From Hambelton-Jones tormenting poor peoples’ wardrobes, to the tragic OTT styling choices she would then dress them in, it did bring bants we can’t lie. But in terms of cosmetic surgery, nipping and tucking someone’s whole body and face just so strangers think they look younger is sadistic – this smacks of ageism hurt. One woman called Julie Davis says she was forced to have her teeth done, leaving her in agony. Moral of the story: stick with those laughter lines.


What Not to Wear gifted the nation a Marks & Spencers Absolutely Fabulous: Trinny and Susannah. Between 2001 and 2005, these two posh ladies reigned on prime time critiquing the dress sense of their nominated contestants – selected by friends who secretly filmed them. Whether everyone remained on good terms after is the real tea.

T&S were notorious for grabbing a bosom or two as the participant analysed her problem areas” facing a 360 degree mirror in her underwear. Then would come the Trinny and Susannah wardrobe overhaul which involved shopping with their unwavering advice: cinch the waist with a belt and glorify those assets with a v‑neck.

We’re kind of here for their ridiculously dated, QVC-remiscient styling advice, and women loved their new wardrobes. The body-shaming wouldn’t fit the 2019 bill though. Trinny can stick to her new Instagram venture of jolly fashion vids, you do you honey.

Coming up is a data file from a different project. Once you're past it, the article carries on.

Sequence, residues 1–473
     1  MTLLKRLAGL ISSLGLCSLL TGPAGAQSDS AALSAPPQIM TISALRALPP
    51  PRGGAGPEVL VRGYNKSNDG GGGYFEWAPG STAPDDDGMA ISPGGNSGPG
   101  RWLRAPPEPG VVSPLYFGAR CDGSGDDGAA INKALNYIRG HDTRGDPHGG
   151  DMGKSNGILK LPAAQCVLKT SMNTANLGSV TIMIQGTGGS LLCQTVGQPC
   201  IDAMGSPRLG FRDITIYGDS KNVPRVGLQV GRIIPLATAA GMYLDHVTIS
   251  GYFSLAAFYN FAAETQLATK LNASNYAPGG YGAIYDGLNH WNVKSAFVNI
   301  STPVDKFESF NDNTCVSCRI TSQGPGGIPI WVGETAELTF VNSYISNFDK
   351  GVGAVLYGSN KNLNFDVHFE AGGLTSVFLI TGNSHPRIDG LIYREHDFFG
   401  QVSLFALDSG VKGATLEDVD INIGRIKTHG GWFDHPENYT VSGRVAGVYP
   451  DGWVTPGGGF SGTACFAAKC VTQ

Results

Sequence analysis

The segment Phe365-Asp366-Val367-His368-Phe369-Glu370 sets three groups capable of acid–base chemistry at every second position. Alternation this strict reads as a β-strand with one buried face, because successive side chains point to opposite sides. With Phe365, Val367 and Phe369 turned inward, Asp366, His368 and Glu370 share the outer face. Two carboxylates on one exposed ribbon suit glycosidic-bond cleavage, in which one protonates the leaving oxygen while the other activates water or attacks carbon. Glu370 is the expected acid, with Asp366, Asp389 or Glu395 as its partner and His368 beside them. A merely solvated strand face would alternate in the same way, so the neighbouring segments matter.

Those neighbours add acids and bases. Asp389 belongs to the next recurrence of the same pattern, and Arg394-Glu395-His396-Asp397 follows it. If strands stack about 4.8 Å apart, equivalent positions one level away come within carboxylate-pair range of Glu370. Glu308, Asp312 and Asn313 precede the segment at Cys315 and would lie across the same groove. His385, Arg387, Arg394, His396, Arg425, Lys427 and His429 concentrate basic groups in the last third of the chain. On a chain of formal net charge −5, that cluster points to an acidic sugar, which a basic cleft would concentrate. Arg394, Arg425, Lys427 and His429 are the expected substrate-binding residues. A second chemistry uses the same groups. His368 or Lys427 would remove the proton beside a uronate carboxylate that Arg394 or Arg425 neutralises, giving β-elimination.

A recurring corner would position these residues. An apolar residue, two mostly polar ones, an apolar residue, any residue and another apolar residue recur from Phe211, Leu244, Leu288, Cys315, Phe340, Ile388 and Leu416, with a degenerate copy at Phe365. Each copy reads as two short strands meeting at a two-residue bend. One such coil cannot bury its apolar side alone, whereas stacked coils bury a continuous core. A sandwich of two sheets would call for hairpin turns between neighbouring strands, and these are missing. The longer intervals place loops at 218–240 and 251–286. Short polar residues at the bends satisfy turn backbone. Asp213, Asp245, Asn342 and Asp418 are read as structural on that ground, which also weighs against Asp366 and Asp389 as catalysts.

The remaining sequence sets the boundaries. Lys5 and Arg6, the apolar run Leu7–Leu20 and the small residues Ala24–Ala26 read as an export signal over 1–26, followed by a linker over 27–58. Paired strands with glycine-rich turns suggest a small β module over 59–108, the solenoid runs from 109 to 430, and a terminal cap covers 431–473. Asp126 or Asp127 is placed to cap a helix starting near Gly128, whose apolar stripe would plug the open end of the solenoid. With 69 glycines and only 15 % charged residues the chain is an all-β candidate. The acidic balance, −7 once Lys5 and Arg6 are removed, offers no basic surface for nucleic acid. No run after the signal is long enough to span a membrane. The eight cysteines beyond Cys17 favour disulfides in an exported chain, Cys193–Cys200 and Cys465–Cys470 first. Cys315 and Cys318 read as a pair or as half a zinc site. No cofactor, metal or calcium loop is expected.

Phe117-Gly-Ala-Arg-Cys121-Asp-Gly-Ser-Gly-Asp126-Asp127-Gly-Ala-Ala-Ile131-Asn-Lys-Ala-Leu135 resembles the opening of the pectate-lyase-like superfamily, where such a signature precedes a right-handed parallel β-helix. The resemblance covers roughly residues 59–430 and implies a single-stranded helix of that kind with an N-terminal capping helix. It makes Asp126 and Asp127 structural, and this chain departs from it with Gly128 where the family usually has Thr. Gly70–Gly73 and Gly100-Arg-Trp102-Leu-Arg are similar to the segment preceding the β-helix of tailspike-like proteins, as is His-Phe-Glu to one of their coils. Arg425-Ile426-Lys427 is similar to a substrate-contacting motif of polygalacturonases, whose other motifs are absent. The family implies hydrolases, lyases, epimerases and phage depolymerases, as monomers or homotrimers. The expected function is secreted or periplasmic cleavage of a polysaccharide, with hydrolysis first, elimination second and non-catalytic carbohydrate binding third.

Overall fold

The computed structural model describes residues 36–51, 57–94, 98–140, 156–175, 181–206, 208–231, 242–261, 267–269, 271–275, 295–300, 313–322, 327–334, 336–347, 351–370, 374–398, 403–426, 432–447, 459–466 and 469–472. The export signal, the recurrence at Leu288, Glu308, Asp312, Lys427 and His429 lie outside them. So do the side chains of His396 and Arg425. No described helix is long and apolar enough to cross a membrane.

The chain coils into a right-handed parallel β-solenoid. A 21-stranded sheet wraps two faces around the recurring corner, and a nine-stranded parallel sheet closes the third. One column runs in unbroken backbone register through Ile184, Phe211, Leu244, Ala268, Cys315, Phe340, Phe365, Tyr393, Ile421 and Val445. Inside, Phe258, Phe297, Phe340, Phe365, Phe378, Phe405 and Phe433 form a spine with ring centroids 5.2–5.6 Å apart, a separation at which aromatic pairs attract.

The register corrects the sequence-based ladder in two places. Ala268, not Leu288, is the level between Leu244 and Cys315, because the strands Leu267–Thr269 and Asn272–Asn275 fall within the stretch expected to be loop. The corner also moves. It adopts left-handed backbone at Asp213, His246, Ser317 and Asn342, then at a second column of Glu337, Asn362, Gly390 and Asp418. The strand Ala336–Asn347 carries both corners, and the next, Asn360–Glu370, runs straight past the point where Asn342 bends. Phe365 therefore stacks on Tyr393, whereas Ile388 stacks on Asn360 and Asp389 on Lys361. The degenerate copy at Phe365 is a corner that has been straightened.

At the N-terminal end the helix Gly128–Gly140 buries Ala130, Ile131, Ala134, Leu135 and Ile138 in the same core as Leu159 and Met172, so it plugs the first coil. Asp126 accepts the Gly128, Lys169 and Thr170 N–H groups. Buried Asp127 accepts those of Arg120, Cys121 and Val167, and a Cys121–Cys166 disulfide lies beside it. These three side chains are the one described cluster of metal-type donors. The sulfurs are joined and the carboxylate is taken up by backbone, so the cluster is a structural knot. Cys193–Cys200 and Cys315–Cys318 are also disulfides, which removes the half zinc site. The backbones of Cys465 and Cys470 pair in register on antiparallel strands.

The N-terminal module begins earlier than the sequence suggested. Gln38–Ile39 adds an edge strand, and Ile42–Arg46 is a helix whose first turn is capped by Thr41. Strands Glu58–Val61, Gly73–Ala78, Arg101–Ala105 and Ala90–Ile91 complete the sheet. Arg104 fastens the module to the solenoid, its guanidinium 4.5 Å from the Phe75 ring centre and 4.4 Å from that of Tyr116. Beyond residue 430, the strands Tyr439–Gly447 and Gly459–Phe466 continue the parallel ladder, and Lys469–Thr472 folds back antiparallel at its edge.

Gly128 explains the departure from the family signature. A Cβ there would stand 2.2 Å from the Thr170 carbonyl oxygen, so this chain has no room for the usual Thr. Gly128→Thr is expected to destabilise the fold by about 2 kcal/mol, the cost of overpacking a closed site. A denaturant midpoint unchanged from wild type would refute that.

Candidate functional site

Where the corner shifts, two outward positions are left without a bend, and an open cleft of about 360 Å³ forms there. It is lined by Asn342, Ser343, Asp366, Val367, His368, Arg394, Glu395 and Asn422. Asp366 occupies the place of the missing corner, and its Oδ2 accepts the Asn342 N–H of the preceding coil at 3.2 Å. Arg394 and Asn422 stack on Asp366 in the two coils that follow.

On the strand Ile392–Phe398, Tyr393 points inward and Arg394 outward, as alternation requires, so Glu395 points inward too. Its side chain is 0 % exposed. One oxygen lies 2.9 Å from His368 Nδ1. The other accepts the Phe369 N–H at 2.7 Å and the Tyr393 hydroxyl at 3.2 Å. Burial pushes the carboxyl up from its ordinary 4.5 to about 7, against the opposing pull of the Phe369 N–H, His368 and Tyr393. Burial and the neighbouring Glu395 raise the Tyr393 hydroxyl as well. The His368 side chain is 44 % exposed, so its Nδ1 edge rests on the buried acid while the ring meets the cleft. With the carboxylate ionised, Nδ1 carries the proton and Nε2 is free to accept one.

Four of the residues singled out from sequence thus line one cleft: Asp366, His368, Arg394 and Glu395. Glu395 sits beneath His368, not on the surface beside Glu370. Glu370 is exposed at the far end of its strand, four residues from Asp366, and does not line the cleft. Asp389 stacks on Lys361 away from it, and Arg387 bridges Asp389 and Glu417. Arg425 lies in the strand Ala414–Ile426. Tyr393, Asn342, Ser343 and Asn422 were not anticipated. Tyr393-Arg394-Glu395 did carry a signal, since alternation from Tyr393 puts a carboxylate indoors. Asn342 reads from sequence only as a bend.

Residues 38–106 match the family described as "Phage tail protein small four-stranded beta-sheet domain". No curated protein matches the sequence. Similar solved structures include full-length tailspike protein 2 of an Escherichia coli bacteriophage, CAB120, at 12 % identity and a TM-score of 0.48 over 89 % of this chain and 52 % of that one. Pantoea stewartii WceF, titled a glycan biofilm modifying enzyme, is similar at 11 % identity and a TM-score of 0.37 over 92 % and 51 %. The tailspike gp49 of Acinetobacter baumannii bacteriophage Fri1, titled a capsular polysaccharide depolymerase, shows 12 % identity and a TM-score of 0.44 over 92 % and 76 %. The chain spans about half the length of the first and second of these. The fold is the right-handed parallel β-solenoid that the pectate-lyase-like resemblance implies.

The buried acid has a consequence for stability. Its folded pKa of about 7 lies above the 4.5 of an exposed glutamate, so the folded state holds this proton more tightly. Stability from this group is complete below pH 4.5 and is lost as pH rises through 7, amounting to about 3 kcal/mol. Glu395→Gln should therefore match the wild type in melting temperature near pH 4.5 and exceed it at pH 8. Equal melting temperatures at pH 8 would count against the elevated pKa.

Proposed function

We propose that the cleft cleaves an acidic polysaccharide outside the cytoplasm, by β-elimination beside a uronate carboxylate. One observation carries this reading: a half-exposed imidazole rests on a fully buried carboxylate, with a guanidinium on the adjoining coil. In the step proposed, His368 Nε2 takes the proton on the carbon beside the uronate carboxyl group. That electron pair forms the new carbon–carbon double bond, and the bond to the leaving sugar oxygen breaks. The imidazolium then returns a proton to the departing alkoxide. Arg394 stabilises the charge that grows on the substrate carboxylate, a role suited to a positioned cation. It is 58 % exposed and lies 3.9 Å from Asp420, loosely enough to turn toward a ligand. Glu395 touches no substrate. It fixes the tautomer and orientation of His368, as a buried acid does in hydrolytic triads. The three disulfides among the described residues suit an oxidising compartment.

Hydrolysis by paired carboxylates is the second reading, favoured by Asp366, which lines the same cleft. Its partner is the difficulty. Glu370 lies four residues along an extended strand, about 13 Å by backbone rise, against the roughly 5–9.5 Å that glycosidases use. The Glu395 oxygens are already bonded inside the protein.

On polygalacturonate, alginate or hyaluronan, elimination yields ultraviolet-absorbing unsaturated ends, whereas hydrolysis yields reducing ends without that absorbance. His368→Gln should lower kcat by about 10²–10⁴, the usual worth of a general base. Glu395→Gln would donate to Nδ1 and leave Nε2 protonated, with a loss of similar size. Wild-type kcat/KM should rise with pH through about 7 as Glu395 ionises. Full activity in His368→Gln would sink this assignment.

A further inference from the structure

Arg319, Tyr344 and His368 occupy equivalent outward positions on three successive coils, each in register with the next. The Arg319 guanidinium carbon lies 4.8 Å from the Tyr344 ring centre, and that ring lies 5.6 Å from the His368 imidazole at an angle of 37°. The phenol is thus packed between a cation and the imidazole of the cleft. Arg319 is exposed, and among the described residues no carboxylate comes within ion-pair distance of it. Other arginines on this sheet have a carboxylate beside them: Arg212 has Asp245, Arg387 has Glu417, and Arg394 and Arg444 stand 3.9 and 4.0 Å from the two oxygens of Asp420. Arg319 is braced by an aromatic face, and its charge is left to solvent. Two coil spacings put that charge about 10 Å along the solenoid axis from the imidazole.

Kicking off a bit later in 2008, Snog Marry Avoid was a make-under show, transforming quirky glamazons into drab and dreary plain Janes. The programme’s POD (Personal Overhaul Device) was another reckless judge with a sharp tongue, criticising – always totally unphased –gothic punks, gyaru girls and gorgeously tangerine Jodie Marsh lookalikes, as the big question of snog, marry or avoid was put to the public.

Every time, the surveys said avoid, obvs intimidated by all the strong lewks. But once made-under with POD’s help, exposing what lies beneath the artistic aesthetics, the public all wanted to marry or snog them, basically implying only natural beauties get laid.

It wasn’t all that bad, as almost all the contestants would return back a few weeks later parading their original get-ups, laughing off POD’s bitchiness and waving farewell to conforming. We salute you.


Ending on a positive, Gok Wan a.k.a. your fairy Gokmother proved personal improvement doesn’t mean changing what you look like. From 2006 – 2010, How to Look Good Naked helped plus-sized, middle-aged women strip off in front of the nation for a naked photo shoot and a catwalk in either sexy underwear or entirely nude. Family and friends sat front row. Not cringey at all.

The whole body confidence being about strutting naked and wearing saucy underwear is funny but forgiveable, unlike Gok’s lowkey problematic street surveys asking men what they want in a woman. Millennialism aside, the show did say fuck you to conventional beauty standards with some self love, and got middle-aged women feelin’ sexy and free, so we’re into it.

How to Look Good Naked is actually returning for Spring 2020, let’s hope it’s woke and brings positive vibes only. Love to our Lewisham queen Gok.